There has been panic regarding the amendment to regulations 68(1) and 68(11) of the Deeds Registries Act 47 of 1937, which sets out the process to follow when an original deed or mortgage bond has been lost or destroyed.

Many will know that to transfer immovable property from seller to purchaser, the original title deed and mortgage bond (if mortgaged) must accompany the transfer documents into the Deeds Office. If either, or both, deeds have been lost or destroyed, application must be made in terms of regulation 68.

Until the proposed amendment, this process has been fairly simple and not too onerous financially, consisting of a written application (accompanied with an affidavit) to the Registrar of Deeds for a new original to be issued.

However, the proposed amendment will require that in addition to the written application to the Registrar, the application and affidavit:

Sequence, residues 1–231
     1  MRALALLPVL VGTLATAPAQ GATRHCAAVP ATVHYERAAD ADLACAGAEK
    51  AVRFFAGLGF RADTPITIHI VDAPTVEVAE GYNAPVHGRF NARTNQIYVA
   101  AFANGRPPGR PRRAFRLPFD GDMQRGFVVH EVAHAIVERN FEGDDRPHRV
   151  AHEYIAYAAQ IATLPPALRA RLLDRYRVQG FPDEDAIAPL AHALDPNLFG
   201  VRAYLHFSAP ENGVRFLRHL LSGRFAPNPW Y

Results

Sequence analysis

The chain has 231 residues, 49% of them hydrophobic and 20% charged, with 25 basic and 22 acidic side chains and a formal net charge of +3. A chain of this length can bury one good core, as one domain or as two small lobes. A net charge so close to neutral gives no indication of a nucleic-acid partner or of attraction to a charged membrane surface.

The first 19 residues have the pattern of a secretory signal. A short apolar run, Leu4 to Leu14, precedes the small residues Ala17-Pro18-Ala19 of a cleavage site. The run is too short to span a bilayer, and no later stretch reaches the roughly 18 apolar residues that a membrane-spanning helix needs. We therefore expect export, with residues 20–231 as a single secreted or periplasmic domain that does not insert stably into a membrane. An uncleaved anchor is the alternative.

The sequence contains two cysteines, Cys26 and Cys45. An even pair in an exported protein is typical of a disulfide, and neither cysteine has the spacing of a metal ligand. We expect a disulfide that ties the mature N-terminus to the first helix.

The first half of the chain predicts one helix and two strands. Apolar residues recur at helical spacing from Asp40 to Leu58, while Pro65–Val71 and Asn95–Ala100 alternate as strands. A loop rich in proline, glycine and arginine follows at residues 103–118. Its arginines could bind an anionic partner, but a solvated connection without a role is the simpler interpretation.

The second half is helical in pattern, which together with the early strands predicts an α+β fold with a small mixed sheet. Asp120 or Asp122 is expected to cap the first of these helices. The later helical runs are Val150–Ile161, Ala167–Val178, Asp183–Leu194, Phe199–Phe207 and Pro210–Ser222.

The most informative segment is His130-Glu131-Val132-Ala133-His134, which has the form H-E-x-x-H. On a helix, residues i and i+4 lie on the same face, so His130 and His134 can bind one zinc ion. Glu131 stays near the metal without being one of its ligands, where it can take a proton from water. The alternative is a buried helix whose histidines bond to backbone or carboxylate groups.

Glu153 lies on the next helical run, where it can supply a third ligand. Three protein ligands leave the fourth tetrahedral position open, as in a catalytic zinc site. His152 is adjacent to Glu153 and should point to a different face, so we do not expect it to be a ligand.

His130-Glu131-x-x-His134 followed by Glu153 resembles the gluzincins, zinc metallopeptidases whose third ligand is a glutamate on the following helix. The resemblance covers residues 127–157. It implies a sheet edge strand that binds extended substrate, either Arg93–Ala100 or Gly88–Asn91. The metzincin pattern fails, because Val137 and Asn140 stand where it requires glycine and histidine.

• will need to be attested by a notary public (rather than a commissioner of oaths); and
  • must be advertised in the Government Gazette; and
  • must, for two weeks, be open for inspection by the public at the Deeds Registry.

This will result in additional fees and a longer, more time-consuming process.

The delays brought about by this more onerous process are potentially further reaching than just the application and receipt of the new deeds. For example, it could cause delays that result in other financial implications for parties to related property transactions which may trigger penalties or purchase price escalations. There could also be interest implications due to delays in cancelling the seller’s exiting bond finance.

The logic behind the amendment was the increase in fraudulent transactions.  However, it has just been announced that the amendment that was to become affective on 25 February 2019 has, on reconsideration, been suspended until further notice due to being impractical and the cause of undue hardship to the public.